In fiscal 2002, between July and the following February,
I visited several sites where performing arts and other
cultural activities are underway in Osaka. After surveying
the situation at each location, I wrote a series of
reports. This year I am continuing to report my findings.
In publishing these articles, I touched upon the following
fundamental issues in each situation.
This fiscal year I hope to delve deeper into my examination
of "culture." What exactly is culture? How
is it different from entertainment? What conditions
are necessary for culture? I would like to consider
these questions as best I can using concrete examples.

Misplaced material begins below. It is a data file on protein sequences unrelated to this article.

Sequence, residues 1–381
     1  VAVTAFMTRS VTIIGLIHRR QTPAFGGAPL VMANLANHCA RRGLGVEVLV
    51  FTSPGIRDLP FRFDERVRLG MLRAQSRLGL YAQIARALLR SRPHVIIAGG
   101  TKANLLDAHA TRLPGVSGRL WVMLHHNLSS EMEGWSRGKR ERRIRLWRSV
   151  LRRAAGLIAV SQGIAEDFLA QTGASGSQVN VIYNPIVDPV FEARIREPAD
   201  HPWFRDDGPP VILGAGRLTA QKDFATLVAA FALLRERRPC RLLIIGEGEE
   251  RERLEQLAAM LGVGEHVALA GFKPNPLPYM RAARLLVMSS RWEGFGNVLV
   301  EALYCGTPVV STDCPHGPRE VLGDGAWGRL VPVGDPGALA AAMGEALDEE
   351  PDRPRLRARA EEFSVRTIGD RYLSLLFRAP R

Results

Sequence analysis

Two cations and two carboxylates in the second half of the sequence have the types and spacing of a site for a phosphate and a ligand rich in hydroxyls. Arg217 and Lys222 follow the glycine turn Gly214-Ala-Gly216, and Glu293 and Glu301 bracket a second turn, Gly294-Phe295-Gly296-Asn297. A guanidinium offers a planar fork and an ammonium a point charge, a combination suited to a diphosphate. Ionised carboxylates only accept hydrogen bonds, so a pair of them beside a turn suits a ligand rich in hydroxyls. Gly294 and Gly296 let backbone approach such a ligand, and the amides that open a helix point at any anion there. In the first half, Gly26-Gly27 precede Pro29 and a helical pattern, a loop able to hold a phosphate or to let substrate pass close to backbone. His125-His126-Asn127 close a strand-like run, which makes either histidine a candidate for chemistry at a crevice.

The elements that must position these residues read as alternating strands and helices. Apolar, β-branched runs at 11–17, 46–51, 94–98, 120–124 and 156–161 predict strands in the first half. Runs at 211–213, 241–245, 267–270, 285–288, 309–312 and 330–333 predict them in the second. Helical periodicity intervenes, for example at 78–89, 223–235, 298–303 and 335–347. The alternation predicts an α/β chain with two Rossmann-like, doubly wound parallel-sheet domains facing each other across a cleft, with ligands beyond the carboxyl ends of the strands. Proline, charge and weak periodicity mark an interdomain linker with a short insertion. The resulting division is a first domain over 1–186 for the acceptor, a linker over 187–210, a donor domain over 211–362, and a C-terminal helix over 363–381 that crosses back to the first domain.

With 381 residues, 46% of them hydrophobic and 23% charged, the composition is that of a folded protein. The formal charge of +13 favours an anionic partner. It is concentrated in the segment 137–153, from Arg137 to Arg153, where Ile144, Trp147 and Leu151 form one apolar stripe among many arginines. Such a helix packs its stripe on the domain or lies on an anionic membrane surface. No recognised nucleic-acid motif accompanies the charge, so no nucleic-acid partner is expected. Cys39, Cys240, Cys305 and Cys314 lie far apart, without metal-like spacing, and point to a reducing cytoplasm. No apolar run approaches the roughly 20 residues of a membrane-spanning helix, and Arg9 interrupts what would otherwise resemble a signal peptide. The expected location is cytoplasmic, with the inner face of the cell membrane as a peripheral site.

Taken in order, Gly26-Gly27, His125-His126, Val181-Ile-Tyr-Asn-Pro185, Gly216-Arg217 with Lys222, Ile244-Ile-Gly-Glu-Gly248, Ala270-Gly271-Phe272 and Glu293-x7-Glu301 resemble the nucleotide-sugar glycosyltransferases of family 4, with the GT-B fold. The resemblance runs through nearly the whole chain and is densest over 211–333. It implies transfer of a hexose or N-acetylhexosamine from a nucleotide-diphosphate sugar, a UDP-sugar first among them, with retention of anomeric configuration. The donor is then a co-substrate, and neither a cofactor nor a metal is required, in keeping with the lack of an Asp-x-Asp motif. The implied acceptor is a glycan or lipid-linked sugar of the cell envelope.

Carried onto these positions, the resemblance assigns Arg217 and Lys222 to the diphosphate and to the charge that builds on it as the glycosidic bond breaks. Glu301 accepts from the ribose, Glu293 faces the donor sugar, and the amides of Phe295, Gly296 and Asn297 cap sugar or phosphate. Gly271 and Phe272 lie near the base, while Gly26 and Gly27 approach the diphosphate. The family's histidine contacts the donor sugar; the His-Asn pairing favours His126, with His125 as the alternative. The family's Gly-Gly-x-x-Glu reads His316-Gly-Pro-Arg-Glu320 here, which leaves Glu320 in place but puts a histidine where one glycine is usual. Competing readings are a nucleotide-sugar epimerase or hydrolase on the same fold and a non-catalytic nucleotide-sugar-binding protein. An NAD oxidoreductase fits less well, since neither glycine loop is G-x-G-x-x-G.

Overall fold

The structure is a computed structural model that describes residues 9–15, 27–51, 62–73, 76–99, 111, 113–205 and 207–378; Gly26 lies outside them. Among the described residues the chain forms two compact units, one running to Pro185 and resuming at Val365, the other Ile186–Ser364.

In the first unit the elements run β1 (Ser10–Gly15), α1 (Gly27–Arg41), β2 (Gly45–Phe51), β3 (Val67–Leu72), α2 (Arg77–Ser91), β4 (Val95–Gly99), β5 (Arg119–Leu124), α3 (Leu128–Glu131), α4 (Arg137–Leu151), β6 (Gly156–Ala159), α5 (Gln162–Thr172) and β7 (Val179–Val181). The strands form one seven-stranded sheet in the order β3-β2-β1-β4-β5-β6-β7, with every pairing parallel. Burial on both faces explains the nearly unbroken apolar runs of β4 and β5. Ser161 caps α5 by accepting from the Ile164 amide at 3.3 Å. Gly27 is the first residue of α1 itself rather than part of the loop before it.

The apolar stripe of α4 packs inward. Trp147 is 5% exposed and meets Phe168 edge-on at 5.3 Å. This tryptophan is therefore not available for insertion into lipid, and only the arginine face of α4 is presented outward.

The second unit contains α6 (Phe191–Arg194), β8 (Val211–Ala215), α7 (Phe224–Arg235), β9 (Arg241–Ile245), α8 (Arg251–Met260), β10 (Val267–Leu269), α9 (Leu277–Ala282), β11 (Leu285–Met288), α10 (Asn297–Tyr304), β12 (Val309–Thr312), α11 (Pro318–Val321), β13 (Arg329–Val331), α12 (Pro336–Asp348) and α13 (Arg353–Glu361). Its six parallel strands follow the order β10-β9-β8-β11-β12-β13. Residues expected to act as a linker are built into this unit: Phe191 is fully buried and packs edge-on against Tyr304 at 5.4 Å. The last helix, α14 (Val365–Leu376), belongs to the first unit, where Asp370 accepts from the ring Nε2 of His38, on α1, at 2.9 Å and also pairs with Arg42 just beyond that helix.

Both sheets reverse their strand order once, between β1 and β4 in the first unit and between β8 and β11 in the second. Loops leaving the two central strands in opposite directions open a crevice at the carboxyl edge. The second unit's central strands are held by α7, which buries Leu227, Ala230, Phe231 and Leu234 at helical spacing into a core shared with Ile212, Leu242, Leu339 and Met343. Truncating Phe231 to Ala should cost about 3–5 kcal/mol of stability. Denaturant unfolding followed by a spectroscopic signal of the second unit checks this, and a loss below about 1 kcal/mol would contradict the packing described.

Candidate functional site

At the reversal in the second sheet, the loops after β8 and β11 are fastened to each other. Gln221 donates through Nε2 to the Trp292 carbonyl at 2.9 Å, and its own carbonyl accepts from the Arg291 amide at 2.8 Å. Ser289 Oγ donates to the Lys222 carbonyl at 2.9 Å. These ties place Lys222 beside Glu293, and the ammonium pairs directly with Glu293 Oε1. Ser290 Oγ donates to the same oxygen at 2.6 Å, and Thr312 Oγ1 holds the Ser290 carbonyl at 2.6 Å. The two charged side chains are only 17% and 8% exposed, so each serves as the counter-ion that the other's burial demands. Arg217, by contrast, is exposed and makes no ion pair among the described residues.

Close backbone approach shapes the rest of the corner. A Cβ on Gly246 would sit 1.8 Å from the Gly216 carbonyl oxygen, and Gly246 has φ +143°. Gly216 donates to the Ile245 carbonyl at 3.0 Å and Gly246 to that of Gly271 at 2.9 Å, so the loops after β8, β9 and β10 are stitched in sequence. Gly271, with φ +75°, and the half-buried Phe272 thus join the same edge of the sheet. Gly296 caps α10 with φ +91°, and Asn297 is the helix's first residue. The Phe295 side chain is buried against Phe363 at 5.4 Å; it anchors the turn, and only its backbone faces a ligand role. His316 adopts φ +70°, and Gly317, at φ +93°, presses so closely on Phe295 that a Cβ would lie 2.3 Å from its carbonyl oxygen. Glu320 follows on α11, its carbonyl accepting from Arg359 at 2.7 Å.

main theme of this installment are the cultural activities
("The Shin-Sekai Art Park Project") currently
being organized at the FestivalGate amusement complex
in Osaka's Naniwa Ward. FestivalGate, which was originally
designed as an entertainment facility, had begun to
lose its attractiveness, and as a result, could no longer
draw as many customers, to the point that it is currently
operating under a heavy deficit. The vacant commercial
spaces have now been leased to culturally active NPOs
at no cost. The objective behind the decision was "to
increase the number of art-related NPOs and create a
regular urban art community in a commercial facility
based on the premise that average citizens would be
free to visit." The project is a pioneering example
of the City of Osaka's cultural policies. I decided
to take a closer look at the project. First, I would
like to discuss the NPO, remo: record, expression and
medium-organization, about which I will gradually provide
more details in future articles.